Can't wait to die

I can't wait to die
To see what lies ahead
I can't wait to fly
Free of my carnal bed

I can't wait to burn
Merge with the blinding light
I can't wait my turn
To catch the morning flight

The stage shall come alive
The poet will find his voice
The song will then arrive
And blot out all the noise (So I can't)

For life is just a wait
To find a song perfect
And all the while I wait
To find my song perfect


I can't wait to live
To find my perfect song
I can't wait to give
To silence my soulful song

Friday, October 3, 2014


Once I had a soul full of thoughts and words
but nary a pen or paper
not a drop of ink.

So I sold my words for ink
my thoughts for a pen
and my soul for paper.

And now I still can't write.

Thursday, August 28, 2014

River called breath

Seeps from the tiny crevice called earth
Walks on the wind that rests in the sky and
runs along the shores of the heart's cave
makes verdant the shores with songs and lores
then rests in silence in the ocean of empty expanse
This breath of our life is also a river (path*)

* The dual meaning of the Tamil word ஆறு meaning both river and path is lost in English.

தமிழில் -

Sunday, August 17, 2014

A prayer to Krishna, the all powerful

You we worship O Krishna
who ages ago with your three great strides
vanquished the noble faultless Bali.
Keep us away from treachery.

You we worship O Krishna
who in another era slayed Tataka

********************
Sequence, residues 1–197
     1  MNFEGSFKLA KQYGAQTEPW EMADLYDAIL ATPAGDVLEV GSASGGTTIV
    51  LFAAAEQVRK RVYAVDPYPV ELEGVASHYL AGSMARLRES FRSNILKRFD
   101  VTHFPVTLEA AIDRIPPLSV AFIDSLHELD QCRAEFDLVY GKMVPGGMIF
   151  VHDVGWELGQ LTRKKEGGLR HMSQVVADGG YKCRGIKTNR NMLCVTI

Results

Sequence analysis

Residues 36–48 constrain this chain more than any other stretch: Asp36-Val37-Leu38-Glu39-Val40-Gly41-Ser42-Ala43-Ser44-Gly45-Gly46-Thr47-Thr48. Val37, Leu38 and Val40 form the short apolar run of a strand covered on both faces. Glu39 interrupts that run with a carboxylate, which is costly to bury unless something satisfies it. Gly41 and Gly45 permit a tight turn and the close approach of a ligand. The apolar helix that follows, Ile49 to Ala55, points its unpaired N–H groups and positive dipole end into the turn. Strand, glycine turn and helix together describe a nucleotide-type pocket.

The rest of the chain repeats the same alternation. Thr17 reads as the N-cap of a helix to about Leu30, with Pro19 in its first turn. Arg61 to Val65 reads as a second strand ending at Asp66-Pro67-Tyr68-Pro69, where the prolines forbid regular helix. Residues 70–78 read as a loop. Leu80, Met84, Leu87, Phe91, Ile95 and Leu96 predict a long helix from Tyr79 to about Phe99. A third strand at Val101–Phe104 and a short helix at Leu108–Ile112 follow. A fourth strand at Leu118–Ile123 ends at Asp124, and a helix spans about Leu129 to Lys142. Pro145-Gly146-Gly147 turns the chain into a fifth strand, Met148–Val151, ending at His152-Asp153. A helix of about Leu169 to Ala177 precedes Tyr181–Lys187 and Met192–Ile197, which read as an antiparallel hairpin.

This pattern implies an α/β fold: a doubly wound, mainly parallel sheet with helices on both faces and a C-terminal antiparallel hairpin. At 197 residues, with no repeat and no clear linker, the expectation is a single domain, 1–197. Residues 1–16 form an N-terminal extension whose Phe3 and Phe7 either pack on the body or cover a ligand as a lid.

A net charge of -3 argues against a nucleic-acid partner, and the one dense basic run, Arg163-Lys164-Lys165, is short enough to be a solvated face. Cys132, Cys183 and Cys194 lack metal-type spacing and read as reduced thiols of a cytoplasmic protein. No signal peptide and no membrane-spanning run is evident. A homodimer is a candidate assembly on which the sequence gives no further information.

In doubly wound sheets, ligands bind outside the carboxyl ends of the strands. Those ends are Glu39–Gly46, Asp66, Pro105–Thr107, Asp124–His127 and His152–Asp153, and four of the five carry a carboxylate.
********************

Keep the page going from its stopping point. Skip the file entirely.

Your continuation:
with your cruel bolt.
Grant our women safety and honour.

You we worship O Krishna
who in another era cast the chaste Sita
with your cruel word.
Make our faith steadfast.

You we worship O Krishna
who in another era slew beastly Vali
from behind the tree.
Grant our hearts the courage to face our troubles.

You we worship O Krishna
who alone of all men won Radha's heart
and then broke it when you deserted her for the city.
Let our hearts stay true to purpose.

You we worship O Krishna
who engineered the Great War
pitting brother against brother.
Keep strife away from our families.

You we worship O Krishna
who was the king of the Yadu clan
that died fighting among themselves.
May our stock thrive in love.

You we worship O Krishna
who fulfilled the purpose of your descent
by dying at a hunter's hand without glory.
May you grant us immortality.

You we worship O Krishna
who tonight sleeps just born
unaware of all the glory
you have and will wrought
like an ant floating on a leaf
carried away in the ocean of dreams.

Grant us salvation and lead us to truth
if you may.

Friday, August 8, 2014

A song for varalakshmi viratham

Come not o varalakshmi come not you and
give not any boon nay give not mother

Give not glory and wealth of this world to me
Make no path for these to reach me o varalakshmi (Come not...)

Many are those who await your boons in this world
Go you to them and bless them